April 20, 2020

Cortez Masto Urges USDA To Protect Dairy Farmers Impacted by Coronavirus Pandemic

Las Vegas, Nev. – U.S. Senator Catherine Cortez Masto (D-Nev.) sent a letter calling on the U.S. Department of Agriculture (USDA) to provide swift and directed assistance to dairy farmers, dairy processors, and other associated businesses, who have experienced a reduction in demand due to the COVID-19 pandemic. The University of Nevada, Reno’s Center for Economic Development recently highlighted that milk prices have dropped significantly due to a reduction in demand amid the coronavirus pandemic. 

“To respond to the damage that farmers have already incurred and to prepare for further losses, Congress included in the Coronavirus Aid, Relief, and Economic Security (CARES) Act a $9.5 billion emergency response fund for agriculture, to equip the Department to prepare for, prevent, and respond to COVID-19 through direct support to producers,” wrote Cortez Masto. “I urge the Department to act quickly and build off of existing programs and recently appropriated funds to deliver direct assistance to dairy farmers and support dairy processors and others in the supply chain.”

“Furthermore, dairy industry stakeholders have recently proposed a comprehensive action plan to address many of the key marketplace challenges created by the pandemic,” Cortez Masto continued. “I urge you to give these recommendations your immediate consideration and develop an appropriate approach that would provide producers the relevant support to align supply with the ongoing reduction in demand, and to concentrate your efforts on products that have lost their normal [markets],…that can be repurposed for nutrition programs and can be utilized by other consumer venues.”

The full text of the letter can be found here and below.

Dear Secretary Perdue:

The COVID-19 pandemic presents an urgent challenge to our nation’s farmers and food companies, who are continuing to provide the nation with a safe, abundant, and affordable food supply. This crisis is especially pressing for producers of perishable food, such as dairy farmers who milk cows and deliver milk to processors every day and do not have the option of pausing production.

Although the dairy industry has noted that the milk supply remains safe and production continues across the country, dairy farmers are enduring a massive drop in sales due to restaurant closures, school closings, and food-service order cancellations. Some processing plants that supply these businesses have temporarily closed or reduced production. This decline has translated to an estimated $5.7 billion loss at the farm level in just the last five weeks, with several billion dollars lost in the supply chain. Despite efforts by dairy cooperatives and processors to shift milk supplies to other plants, wholesome, high-quality milk is being dumped in some locations as processing bottlenecks continue. Further disruptions could be possible, especially if some of the essential workers at processing plants fall ill.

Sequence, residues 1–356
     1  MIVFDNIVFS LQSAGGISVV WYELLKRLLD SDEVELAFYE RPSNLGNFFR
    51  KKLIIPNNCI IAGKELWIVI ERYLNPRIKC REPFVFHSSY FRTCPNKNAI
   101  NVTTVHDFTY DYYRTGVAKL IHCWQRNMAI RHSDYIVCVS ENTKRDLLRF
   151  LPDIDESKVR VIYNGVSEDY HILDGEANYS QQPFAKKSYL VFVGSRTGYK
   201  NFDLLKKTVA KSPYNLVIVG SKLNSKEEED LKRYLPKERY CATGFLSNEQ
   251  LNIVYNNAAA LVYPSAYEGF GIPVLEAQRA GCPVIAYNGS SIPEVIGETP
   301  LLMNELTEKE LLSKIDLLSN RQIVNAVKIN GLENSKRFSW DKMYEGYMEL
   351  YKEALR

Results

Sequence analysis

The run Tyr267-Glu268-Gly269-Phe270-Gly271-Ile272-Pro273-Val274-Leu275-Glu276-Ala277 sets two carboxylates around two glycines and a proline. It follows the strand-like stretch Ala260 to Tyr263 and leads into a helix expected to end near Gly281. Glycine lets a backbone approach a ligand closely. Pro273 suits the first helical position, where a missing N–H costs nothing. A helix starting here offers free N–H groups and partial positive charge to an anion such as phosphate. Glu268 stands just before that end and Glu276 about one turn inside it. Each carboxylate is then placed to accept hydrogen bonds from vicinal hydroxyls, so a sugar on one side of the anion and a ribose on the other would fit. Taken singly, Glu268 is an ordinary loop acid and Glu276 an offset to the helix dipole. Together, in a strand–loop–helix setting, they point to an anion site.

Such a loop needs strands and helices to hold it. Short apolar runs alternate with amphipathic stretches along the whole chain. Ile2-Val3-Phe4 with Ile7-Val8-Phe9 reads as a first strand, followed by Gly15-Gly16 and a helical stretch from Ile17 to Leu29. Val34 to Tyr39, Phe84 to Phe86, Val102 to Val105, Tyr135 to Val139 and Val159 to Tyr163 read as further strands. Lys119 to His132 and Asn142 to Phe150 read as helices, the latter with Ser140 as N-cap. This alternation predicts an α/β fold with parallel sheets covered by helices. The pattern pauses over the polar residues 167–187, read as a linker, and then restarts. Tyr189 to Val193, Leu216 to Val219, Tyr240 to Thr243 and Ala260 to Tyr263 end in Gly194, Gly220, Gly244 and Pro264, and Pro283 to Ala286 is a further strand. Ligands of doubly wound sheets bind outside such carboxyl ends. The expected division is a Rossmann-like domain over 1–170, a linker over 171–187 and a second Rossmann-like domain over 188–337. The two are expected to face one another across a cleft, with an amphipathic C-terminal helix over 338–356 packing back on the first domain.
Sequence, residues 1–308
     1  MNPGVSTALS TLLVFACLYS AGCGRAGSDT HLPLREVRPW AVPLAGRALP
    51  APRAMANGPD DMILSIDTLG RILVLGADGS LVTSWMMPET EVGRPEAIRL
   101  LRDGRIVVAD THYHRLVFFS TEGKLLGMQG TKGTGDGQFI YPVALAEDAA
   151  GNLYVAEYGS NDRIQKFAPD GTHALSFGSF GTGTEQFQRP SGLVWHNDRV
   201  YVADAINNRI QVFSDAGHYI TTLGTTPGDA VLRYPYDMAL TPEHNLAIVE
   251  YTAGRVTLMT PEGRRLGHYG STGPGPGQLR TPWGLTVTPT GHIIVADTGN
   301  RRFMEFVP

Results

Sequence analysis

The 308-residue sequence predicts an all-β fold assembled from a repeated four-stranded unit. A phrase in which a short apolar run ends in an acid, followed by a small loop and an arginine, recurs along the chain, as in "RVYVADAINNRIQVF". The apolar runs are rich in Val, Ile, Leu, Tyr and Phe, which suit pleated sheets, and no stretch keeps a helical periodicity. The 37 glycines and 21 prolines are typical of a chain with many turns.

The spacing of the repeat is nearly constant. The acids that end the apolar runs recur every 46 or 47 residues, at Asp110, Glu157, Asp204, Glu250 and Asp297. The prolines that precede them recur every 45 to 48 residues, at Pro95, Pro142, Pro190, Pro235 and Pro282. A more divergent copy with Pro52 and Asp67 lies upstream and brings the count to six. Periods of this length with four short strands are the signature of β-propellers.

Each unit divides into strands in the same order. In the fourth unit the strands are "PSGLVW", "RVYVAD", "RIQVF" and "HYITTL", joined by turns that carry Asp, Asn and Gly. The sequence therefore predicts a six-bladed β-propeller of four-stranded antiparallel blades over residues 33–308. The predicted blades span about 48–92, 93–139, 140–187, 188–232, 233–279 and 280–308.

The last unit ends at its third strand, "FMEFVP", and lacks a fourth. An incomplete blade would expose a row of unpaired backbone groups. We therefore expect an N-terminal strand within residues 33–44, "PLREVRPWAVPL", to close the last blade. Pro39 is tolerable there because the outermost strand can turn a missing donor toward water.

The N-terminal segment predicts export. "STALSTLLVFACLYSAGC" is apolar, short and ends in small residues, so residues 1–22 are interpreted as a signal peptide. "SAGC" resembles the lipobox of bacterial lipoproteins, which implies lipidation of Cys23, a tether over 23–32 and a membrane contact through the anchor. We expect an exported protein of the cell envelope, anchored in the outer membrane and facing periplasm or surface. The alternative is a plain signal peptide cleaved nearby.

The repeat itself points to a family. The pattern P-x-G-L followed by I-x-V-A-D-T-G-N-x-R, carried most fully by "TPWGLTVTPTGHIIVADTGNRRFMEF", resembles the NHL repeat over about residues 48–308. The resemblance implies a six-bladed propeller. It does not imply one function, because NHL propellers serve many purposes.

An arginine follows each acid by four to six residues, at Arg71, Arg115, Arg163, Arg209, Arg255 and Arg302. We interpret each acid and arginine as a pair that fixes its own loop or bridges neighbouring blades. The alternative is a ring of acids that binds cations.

To respond to the damage that farmers have already incurred and to prepare for further losses, Congress included in the Coronavirus Aid, Relief, and Economic Security (CARES) Act a $9.5 billion emergency response fund for agriculture, to equip the Department to prepare for, prevent, and respond to COVID-19 through direct support to producers. Dairy producers are specifically supported within this fund. The law also partially replenishes the borrowing authority for the Commodity Credit Corporation by $14 billion, which can be used to assist producers whether or not they have been impacted by the pandemic. I urge the Department to act quickly and build off of existing programs and recently appropriated funds to deliver direct assistance to dairy farmers and support dairy processors and others in the supply chain.

Furthermore, dairy industry stakeholders have recently proposed a comprehensive action plan to address many of the key marketplace challenges created by the pandemic. I urge you to give these recommendations your immediate consideration and develop an appropriate approach that would provide producers the relevant support to align supply with the ongoing reduction in demand, and to concentrate your efforts on products that have lost their normal restaurant, foodservice, and export markets, and that can be repurposed for nutrition programs and can be utilized by other consumer venues, such as food banks and other programs that have seen an increased demand for milk and other dairy products. 

Even with improved risk protection and an effort to shore-up markets, dairy farmers will face significant losses on both milk and other production, such as the beef value of their cull cows and dairy steers. I urge the Department to take such losses into account as you develop your plan in providing assistance to these agricultural producers.

While many of the recommended actions should reduce the imbalance between milk supply and demand in certain segments of the dairy industry caused by COVID-19, it is urgent for the Department to work quickly to ensure that there is a clear plan, incentives, and support structures in place in order to avoid both long-term harmful impacts to the industry and waste of valuable dairy products.

I thank you for the Department’s ongoing efforts to help our nation’s producers and food companies through this unique and difficult crisis, and look forward to continuing to partner with you over the coming months on behalf of our dairy farmers, businesses, and workers as our nation endures this unprecedented public health and economic crisis.

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